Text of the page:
To convert 'the hammock into a chair swing such as shown in Fig. 5, the flap 14 is folded across the body 13 in engagement therewith, then the two hangers are moved toward each other until the distance between them is equal to the desired width of the swing to be formed. Then the overhanging portion of the flap 14 is caught together by a button 34 or other suitable fastening. After this has been done, a seat 36 of some non-yieldable material is placed in the swing and holds the sides in proper spaced relation. A strap 37 may be secured across the open front of the swing to prevent an infant from falling therefrom. When stretchers of the construction shown in Figs. 7-9 inclusive are employed, the strap 37 is provided with hooks to engage in the openings through the extensions 31.
It will be noted that the eyes 24 of the hangers are located adjacent the ends of the central portions thereof so that the strain is brought tobear almost in alinement with the arms of the hangers, so that there is no danger of the hangers being bent by the weight of the occupant of the hammock. The springs 20 serve equally well in both the hammock 1 and swing formation of the device to absorb shocks and make a very easy and restful support.
From the foregoing description taken in connection .with the accompanying draw ings, it will be apparent that I have provided a very simple and inexpensive hammock, and while I have shown the preferred embodiment of my invention it will be unof U-shaped formation, the free terminals of the arms of said hanger being curved to provide hooks and the central portion of the hanger being bent back upon itself in a plurality of faces to form eyes, said eyes being located adjacent the inner ends of the arms, and resilient members connected at their outer ends to said eyes and at their inner ends to the stretcher rod.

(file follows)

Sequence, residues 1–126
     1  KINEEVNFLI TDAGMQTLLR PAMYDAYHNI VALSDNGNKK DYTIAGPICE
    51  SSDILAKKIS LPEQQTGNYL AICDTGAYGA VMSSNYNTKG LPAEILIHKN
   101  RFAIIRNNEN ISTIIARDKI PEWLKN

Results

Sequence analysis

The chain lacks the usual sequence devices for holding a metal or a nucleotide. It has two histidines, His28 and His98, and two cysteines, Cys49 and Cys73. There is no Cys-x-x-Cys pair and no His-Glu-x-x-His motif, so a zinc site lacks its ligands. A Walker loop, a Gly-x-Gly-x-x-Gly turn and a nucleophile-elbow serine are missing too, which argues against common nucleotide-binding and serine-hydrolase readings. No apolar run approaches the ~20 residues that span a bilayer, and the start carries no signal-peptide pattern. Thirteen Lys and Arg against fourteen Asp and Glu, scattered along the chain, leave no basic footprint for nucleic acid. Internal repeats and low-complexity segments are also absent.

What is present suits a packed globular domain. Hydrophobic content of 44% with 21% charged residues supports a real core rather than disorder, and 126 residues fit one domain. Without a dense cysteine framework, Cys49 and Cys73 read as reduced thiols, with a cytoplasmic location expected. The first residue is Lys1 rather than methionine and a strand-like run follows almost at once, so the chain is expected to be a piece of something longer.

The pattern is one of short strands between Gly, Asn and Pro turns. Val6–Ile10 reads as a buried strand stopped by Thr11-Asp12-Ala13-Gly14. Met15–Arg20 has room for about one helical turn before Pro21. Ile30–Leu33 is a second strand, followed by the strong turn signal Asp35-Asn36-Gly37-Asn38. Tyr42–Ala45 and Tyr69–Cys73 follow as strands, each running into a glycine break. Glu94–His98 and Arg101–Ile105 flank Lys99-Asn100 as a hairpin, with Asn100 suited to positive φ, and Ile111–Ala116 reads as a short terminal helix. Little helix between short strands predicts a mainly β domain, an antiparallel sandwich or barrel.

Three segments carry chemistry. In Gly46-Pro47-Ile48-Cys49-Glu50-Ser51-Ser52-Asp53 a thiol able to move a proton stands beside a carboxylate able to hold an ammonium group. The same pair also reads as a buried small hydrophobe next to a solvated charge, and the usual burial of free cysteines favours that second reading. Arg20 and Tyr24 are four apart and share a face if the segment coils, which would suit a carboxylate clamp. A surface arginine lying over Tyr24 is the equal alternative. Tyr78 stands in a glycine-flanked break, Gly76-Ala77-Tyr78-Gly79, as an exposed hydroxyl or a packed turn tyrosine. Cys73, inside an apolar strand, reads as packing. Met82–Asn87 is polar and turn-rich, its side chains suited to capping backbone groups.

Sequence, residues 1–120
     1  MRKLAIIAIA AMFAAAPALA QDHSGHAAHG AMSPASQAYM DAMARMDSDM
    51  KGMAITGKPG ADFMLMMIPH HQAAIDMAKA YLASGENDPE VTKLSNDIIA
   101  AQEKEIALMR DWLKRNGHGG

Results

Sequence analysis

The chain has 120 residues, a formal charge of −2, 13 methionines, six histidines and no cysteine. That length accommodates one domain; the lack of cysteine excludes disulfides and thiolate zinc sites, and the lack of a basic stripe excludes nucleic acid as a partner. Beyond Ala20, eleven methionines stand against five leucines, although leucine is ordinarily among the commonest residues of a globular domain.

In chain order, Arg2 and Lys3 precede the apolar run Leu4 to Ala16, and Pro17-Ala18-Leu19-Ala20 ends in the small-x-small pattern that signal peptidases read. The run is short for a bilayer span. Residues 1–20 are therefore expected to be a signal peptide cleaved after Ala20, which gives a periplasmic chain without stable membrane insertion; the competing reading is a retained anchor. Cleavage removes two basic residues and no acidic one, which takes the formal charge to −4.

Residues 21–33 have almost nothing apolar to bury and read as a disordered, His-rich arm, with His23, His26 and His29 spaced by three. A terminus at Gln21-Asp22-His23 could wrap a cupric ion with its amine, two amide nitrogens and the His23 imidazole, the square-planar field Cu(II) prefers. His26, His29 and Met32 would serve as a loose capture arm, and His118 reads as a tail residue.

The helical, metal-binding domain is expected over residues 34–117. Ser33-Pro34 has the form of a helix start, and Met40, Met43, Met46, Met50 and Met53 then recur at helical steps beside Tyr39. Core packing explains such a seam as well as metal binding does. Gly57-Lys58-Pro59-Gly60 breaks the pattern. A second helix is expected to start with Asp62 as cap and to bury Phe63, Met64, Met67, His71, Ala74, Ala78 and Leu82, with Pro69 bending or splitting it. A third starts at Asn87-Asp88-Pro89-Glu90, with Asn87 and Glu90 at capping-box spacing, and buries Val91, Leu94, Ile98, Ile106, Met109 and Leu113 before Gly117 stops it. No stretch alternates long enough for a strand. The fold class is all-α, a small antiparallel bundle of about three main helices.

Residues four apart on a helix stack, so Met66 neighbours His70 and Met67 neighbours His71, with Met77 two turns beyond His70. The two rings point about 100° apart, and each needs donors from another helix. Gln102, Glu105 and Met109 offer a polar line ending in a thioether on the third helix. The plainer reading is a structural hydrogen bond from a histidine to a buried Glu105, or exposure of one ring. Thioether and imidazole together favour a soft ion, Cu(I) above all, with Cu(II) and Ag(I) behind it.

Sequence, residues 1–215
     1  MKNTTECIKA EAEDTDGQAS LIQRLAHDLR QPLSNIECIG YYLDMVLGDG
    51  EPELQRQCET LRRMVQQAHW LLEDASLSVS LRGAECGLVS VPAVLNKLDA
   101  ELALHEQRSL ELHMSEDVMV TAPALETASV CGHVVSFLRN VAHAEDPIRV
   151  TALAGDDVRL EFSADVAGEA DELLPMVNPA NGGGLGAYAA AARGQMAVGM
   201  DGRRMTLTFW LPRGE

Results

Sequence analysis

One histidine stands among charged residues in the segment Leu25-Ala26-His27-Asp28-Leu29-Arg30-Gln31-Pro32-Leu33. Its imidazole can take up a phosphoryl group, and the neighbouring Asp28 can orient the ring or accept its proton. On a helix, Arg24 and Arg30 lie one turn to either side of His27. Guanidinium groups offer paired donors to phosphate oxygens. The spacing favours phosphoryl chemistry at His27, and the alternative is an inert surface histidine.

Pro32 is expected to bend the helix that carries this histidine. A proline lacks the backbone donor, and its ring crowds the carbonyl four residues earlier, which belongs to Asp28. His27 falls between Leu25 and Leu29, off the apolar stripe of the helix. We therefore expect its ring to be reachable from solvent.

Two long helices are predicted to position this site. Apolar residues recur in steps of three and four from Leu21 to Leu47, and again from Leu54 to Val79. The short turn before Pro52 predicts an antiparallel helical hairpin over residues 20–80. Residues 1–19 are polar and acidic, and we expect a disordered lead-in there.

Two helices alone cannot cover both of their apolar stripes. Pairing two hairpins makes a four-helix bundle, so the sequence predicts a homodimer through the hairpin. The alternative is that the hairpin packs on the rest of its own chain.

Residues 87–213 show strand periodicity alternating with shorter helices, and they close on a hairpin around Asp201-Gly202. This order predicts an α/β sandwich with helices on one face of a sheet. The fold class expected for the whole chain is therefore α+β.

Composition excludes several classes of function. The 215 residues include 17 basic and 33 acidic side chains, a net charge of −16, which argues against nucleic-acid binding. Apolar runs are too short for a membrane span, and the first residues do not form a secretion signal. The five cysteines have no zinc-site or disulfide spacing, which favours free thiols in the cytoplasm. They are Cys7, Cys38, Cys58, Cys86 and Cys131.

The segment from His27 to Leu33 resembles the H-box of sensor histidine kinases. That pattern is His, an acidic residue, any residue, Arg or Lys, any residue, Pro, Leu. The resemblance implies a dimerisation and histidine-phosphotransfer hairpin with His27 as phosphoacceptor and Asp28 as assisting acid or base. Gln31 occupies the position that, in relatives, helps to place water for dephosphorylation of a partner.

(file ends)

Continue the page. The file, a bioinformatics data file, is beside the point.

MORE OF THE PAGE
2. In a hammock, a hanger, comprising,'
a body member, a pair of sprlngs secured thereto and in spaced relation to each other, parallel hooked arms formed at the opposite ends of the bodyJinember, and a. frame member adapted to be engaged by the ends of the springs whereby a fabric hammock body may be suspended therefrom.
3. In a hammock, a hanger, comprising a central body portion, spring engaging eyes formed adjacent the outer ends of said body portion, hooked arms extending paral lel from each other from the ends of said body portion, springsadapted to be hooked at one end Within the engaging eyes, a hammock stretcher secured by its opposite ends to the free ends of the spring and a fabric hammock body adapted to be supported upon said stretcher.
In testimony whereof I have signed my name to this specification.
' JOHN DOSER.